Ariel Palitz steps down as the New York Office of Nightlife senior executive director this month (April), after serving in the role since 2018. The office was created to act as a liaison between the city and New York’s late-night community.
Palitz vouches for hospitality’s resilience. She claims the sector is strongly building back from the pandemic, in which caused the loss of around 4% of its restaurant, art and entertainment businesses.
The people behind hospitality are great problem solvers, creative minds, and producers, she says. These are people that know how to handle a crisis, and they’re doing “extraordinarily well.”
Post-Covid, the city has seen a nightlife revolution. Venues are opening doors at a “quick clip”, and there’s been an influx of applications for liquor licences, adds Palitz.
A mass of sites, spanning from small, speakeasy jazz bars to large-floor dance clubs, are popping up in the Manhattan Proper borough for instance. The city is reawakening. The public want to go out, and workers are invigorated.
“We’re moving in a very healthy and positive direction,” says Palitz. However, this wasn’t always the case. There was a time, she recalls, when the 24-engine of the city was revving a bit slower.
Right after Covid, customers got used to going out early: dinner and drinks were slotted in before an early night. But with warmer spring nights leading to summer, Palitz trusted the city was moving towards recovery.
“New York is a very vibrant 24-hour city”, she says. “I definitely don’t think this is a town that’s going to bed early anytime soon.”
The city’s $35.1bn nightlife sector supports 300,000 jobs and creates $700m a year in local tax revenue.
“You can always bet on New York; you can always bet on nightlife, and you can always bet on people’s innate need to socialise and to go out and be together.”
In recent times, New Yorkers have flooded to the dancefloor with a new zest, gravitating towards colourful performance venues renowned for their inclusivity, freedom of expression and festival buzz.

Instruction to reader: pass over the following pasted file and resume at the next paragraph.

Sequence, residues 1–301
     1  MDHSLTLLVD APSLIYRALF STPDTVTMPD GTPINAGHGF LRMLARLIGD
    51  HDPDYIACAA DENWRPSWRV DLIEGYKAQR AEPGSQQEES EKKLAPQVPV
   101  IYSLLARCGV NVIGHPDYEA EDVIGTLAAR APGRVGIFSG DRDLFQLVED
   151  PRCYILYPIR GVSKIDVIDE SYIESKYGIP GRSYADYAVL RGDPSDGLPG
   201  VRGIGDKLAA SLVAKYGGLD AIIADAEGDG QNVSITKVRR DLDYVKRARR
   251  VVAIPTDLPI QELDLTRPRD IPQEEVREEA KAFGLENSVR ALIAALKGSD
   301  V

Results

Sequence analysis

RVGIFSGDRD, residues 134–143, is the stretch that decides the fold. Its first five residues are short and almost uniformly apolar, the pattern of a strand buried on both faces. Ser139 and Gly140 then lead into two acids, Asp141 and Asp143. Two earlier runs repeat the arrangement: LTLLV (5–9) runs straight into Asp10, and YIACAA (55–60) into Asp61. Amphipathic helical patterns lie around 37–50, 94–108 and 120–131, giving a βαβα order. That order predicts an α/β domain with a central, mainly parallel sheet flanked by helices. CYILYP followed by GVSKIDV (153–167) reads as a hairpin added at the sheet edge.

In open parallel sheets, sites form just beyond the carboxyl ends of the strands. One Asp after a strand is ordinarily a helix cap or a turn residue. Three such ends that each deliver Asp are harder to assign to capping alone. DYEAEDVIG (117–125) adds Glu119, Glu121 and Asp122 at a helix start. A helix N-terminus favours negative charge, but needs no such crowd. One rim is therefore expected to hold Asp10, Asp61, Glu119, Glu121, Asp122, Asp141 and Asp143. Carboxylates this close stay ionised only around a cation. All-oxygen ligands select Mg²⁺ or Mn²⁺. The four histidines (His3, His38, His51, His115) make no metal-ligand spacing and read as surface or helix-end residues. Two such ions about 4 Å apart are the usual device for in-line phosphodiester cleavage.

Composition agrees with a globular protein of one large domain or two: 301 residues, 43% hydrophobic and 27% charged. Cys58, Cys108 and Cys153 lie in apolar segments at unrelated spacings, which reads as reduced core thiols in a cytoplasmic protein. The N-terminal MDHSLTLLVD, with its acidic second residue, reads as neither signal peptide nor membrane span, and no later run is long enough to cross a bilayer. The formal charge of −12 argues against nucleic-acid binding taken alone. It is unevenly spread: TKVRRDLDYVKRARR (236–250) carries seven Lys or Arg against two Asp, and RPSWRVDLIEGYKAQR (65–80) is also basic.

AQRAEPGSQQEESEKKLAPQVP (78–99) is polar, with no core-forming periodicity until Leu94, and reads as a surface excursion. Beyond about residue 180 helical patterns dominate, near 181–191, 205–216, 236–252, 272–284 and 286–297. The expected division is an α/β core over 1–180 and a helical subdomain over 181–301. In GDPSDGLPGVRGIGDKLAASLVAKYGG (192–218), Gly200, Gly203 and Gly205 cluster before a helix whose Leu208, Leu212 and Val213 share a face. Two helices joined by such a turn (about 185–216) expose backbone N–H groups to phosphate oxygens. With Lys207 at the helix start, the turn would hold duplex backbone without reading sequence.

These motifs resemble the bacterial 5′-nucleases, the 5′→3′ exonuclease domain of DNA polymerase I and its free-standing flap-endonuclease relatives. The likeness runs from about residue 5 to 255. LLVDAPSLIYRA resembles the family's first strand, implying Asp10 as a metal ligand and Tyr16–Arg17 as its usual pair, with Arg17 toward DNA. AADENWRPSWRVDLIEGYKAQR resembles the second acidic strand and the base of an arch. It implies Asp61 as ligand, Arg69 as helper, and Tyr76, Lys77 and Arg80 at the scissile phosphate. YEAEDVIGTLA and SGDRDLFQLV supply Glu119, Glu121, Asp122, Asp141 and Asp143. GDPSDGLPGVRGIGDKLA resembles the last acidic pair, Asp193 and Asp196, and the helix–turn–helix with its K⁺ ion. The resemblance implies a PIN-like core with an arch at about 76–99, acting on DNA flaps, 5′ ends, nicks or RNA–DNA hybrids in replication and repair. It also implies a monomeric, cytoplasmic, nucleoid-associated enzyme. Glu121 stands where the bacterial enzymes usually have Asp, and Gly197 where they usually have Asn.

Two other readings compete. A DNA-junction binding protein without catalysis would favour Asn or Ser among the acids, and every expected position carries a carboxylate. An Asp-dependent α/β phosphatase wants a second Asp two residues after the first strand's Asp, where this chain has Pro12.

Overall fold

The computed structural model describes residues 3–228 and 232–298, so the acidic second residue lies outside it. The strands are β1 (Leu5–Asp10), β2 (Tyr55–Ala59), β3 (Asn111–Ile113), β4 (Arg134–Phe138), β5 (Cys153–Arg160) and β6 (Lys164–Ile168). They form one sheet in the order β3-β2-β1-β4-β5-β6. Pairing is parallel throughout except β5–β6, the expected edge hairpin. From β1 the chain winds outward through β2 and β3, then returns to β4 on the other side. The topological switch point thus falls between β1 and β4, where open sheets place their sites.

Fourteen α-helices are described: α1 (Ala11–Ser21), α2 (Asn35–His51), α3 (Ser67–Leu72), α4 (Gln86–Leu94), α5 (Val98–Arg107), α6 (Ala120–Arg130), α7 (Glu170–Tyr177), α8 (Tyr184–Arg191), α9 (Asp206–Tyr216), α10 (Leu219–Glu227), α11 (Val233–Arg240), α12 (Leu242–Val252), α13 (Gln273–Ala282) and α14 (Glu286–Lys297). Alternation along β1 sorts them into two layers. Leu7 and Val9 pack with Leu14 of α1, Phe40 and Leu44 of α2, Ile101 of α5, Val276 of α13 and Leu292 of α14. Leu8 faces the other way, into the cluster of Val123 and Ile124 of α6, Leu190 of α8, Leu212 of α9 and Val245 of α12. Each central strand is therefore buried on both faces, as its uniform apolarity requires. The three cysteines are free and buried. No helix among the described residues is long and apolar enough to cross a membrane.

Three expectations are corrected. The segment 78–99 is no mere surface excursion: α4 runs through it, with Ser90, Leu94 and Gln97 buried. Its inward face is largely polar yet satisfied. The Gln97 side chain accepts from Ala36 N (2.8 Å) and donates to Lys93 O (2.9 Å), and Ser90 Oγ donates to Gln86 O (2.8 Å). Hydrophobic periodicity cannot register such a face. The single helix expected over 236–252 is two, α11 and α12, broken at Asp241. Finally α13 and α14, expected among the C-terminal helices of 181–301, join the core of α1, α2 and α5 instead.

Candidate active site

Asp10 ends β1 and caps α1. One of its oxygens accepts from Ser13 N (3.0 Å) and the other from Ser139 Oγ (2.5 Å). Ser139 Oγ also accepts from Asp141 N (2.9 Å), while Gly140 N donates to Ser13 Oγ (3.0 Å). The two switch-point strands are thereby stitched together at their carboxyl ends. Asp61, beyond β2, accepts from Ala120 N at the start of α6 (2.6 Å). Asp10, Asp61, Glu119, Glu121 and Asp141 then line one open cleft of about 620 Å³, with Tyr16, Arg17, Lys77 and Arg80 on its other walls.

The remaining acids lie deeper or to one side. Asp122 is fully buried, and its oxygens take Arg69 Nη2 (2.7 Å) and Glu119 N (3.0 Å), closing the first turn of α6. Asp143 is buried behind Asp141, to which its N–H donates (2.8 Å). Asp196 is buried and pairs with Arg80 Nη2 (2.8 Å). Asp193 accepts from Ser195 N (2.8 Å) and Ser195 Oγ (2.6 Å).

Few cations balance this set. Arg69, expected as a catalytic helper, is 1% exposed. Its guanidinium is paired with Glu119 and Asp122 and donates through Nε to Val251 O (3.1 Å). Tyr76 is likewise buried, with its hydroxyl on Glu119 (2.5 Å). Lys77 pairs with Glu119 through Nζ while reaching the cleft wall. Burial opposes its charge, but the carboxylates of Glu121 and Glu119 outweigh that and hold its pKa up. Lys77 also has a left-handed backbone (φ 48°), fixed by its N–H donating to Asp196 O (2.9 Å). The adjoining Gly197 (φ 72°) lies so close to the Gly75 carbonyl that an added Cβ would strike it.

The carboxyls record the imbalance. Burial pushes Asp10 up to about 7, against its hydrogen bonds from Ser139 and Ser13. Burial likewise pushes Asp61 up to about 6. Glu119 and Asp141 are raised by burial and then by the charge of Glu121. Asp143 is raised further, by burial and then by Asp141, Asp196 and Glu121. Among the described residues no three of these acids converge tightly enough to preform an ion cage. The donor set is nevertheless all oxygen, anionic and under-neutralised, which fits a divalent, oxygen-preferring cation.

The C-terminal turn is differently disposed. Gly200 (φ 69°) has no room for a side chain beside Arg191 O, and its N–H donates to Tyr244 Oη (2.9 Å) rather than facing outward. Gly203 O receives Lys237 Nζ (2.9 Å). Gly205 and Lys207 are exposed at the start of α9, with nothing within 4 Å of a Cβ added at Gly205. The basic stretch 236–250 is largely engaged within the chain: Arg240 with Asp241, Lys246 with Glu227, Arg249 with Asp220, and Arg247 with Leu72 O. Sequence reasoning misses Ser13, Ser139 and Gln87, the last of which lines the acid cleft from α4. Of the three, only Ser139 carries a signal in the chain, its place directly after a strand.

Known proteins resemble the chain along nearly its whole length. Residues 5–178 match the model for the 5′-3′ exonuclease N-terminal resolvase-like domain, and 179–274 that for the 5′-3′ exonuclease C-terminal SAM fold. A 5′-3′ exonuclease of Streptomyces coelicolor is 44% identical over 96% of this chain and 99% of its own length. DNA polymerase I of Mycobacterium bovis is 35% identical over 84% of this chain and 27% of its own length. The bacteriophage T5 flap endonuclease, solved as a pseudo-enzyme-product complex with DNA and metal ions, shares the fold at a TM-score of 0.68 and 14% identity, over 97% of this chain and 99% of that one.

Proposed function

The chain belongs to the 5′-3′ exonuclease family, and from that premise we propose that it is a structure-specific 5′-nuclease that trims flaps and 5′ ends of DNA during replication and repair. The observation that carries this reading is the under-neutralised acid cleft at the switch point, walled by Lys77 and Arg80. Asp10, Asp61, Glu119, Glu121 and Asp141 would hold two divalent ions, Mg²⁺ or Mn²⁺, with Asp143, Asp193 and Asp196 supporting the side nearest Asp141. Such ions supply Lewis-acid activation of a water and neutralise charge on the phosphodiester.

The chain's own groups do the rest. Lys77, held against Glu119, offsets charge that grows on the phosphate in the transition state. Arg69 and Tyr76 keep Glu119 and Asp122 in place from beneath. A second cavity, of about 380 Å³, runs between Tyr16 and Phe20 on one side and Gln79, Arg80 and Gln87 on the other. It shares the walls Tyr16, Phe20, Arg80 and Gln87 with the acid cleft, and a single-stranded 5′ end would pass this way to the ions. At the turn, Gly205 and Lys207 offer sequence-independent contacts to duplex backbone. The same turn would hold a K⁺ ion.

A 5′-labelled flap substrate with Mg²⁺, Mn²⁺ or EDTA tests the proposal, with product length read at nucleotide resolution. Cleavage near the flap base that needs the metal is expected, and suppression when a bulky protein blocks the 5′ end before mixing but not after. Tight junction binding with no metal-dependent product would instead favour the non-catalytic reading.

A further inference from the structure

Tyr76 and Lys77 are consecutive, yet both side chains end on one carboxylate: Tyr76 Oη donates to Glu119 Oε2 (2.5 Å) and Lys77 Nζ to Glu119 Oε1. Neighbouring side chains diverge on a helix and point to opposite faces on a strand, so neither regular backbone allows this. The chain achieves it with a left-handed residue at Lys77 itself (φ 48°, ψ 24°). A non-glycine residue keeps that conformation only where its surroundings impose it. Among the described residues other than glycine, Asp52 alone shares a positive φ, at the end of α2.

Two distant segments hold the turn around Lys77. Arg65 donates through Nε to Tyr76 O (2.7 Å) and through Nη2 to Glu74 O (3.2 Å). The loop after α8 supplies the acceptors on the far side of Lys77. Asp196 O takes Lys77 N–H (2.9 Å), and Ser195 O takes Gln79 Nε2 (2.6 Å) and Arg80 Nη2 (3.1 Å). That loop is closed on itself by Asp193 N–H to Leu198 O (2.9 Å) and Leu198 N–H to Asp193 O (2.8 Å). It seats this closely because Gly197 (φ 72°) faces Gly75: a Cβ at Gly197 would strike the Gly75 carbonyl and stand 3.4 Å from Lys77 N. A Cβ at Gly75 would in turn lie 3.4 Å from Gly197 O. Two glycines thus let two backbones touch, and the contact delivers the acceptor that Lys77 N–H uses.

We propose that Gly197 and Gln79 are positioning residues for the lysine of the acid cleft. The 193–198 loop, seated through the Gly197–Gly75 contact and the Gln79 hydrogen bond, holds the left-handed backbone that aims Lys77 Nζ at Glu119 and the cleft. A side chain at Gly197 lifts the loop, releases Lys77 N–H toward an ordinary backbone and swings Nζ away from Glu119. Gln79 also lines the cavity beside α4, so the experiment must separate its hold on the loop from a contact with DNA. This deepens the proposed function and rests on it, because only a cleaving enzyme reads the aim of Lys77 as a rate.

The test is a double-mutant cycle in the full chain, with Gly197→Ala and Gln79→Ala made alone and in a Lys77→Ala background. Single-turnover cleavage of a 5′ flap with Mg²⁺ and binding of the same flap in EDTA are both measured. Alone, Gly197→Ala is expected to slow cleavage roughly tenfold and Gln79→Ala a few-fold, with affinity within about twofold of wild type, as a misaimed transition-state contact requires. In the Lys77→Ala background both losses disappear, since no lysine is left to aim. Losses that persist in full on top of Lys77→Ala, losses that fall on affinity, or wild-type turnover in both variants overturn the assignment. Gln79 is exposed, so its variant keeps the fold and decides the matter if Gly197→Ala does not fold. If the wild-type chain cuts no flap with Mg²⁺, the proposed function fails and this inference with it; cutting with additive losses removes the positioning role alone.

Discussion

Since lockdown thwarted personal freedom, consumers are throwing themselves into large, crowded events, and choosing places that allow them to express themselves, according to Palitz.
Freedom of expression
“People are craving not only to witness, but to participate,” she says. “They want to be entertained and have all their senses immersed.”
Performance venues, like Brooklyn’s ice warehouse-turned-nightclub House of Yes, are often hot on safety and harm reduction. These were key focuses of the Office of Nightlife under Palitz.
She kickstarted programmes like the Narcan Behind Every Bar campaign to raise awareness of the opioid crisis, and the Nightlife Industry Training and Education (NITE) Schools – set up to destigmatise harm reduction practices in nightlife.
Historically, nightlife in the city had been a criminalised and vilified industry, according to Palitz, but she believes the city has come a long way since the 90s in mending the relationship between hospitality and the police.
She feels optimistic about the path the alliance of the late-night sector, the authorities and residents is heading. The implementation of the Office of Nightlife in 2017, paired with the industry’s evolution, leads her to believe the city is moving in the right direction.
But the industry is not without its burdens: jobs in hospitality are still down by around 6% from the pre-pandemic peak. There’s competition, there’s the cost of doing business, and there’s also inflation on top of Covid’s lingering ramifications, lists Palitz.
Debt is also an issue, and sites are struggling to source qualified employees following the 2021 Great Resignation, in which 40m people, including many hospitality workers, left their jobs.
Operators are also tasked with driving creativity and maintaining high standards to keep hold of customers’ attention spans. It’s a challenging industry at the best of times, says Palitz, and this has only been exacerbated after Covid hit the night-time sector a “direct blow”.
However, the pandemic was not without its lessons. It taught the world that nightlife, hospitality, and socialisation are not a luxury, but necessary to economic, cultural, and personal wellbeing, Palitz continues. “We all learned to appreciate what we almost lost a little bit more”.
“Nightlife is a huge part of achieving a great life, and that’s why the future is bright, and it should be supported and respected and appreciated in every way possible.”
Socialising is a basic human need, adds the nightlife mayor. She says: “You can always bet on New York; you can always bet on nightlife, and you can always bet on people’s innate need to socialise and to go out and be together.”
This was something worth investing in: “You can bet,” she believes, “that it will have a great future of growth”.
The final words of wisdom from the night czar? Life is for living. She concludes: “Nightlife is a huge part of achieving a great life, and that’s why the future is bright, and it should be supported and respected and appreciated in every way possible.”